- The presence of hamstring intramuscular tendon discontinuity does not indicate a lack of readiness for return to play.
BACKGROUND & OBJECTIVE
Hamstring strains are one of the most common contractile tissue injuries seen in sports that involve rapid acceleration, high velocity sprinting, and change of direction (1). The significance of injury specifically to the hamstring intramuscular tendon is a controversial and not well understood topic. The hamstring’s central intramuscular tendon is defined as the part of the tendon to which muscle fibers attach.
Previous research has suggested hamstring injury with involvement of the central tendon led to longer return to play (RTP) times and warranted surgical consultation. Despite this early understanding, more recent research has been unable to show intramuscular tendon involvement to be a strong predictive factor for return to play time or reinjury rate (2). Moreover, injuries that involve the intramuscular tendon are variable, do not all present with the same degree of severity, and tend to respond well to conservative treatment (1).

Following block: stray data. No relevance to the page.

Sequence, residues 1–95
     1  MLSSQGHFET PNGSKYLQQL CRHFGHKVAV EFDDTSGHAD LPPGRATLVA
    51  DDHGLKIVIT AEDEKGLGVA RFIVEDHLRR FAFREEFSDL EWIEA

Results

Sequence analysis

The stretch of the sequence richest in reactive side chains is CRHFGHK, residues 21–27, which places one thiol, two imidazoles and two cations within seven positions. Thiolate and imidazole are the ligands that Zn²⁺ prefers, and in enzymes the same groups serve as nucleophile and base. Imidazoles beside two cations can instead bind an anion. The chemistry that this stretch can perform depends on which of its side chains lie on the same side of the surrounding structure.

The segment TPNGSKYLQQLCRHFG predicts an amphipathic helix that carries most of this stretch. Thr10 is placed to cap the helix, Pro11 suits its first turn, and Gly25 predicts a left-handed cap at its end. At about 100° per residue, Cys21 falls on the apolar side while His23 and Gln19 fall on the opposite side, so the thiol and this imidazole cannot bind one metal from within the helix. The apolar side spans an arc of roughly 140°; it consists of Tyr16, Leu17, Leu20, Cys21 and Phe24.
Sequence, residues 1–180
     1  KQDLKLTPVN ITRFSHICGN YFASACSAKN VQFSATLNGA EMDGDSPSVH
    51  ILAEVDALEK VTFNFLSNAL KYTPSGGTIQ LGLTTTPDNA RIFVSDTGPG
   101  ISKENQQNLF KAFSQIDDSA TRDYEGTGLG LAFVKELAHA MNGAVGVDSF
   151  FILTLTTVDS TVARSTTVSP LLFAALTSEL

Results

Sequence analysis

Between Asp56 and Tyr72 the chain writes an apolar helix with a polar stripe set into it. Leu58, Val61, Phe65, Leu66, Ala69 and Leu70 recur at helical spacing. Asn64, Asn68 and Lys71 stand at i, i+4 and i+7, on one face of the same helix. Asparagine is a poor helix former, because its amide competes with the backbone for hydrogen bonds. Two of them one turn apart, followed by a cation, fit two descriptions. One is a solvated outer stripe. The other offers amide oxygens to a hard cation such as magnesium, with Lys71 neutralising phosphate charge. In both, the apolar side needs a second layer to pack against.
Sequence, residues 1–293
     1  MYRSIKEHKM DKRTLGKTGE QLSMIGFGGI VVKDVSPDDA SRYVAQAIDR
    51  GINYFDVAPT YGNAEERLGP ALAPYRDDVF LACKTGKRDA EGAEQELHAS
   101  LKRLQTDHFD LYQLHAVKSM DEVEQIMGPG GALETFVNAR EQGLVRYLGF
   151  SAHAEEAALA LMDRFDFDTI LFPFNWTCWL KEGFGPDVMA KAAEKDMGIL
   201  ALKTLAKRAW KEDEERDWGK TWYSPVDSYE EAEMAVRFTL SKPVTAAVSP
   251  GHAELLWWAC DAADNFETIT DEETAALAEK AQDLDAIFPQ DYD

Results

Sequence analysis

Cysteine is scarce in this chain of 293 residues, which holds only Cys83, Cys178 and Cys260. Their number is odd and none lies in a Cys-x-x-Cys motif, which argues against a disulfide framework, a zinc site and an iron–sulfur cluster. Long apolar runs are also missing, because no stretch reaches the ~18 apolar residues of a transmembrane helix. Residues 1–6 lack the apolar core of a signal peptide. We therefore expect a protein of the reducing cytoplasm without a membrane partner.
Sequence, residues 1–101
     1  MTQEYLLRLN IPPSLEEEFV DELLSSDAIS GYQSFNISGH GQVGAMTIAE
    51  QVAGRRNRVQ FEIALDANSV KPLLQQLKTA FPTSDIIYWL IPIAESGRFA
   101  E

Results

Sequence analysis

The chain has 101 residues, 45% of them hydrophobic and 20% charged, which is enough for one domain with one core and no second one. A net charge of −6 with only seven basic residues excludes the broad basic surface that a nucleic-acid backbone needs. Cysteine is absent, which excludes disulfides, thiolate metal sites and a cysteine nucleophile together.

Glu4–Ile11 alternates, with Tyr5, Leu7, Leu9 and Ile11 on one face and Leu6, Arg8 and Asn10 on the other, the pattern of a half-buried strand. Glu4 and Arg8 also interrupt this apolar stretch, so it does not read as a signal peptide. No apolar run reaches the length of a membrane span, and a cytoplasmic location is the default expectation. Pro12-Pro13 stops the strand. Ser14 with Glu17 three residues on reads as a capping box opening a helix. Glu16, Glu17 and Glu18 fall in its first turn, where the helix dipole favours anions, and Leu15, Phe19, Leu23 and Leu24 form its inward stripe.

The purpose of this study was to describe MRI characteristics of the intramuscular tendon at RTP, track the healing of the intramuscular tendon from baseline to RTP, and examine the relationship between healing on MRI and reinjury versus successful RTP.
This study brings into question the utility of MRI in helping to determine return to sport readiness.
The authors used data from two separate randomized controlled trials that both investigated the efficacy of platelet-rich plasma (PRP) treatments for acute hamstring injuries. Both trials used MRI within 5 days of the injury, and then again within 7 days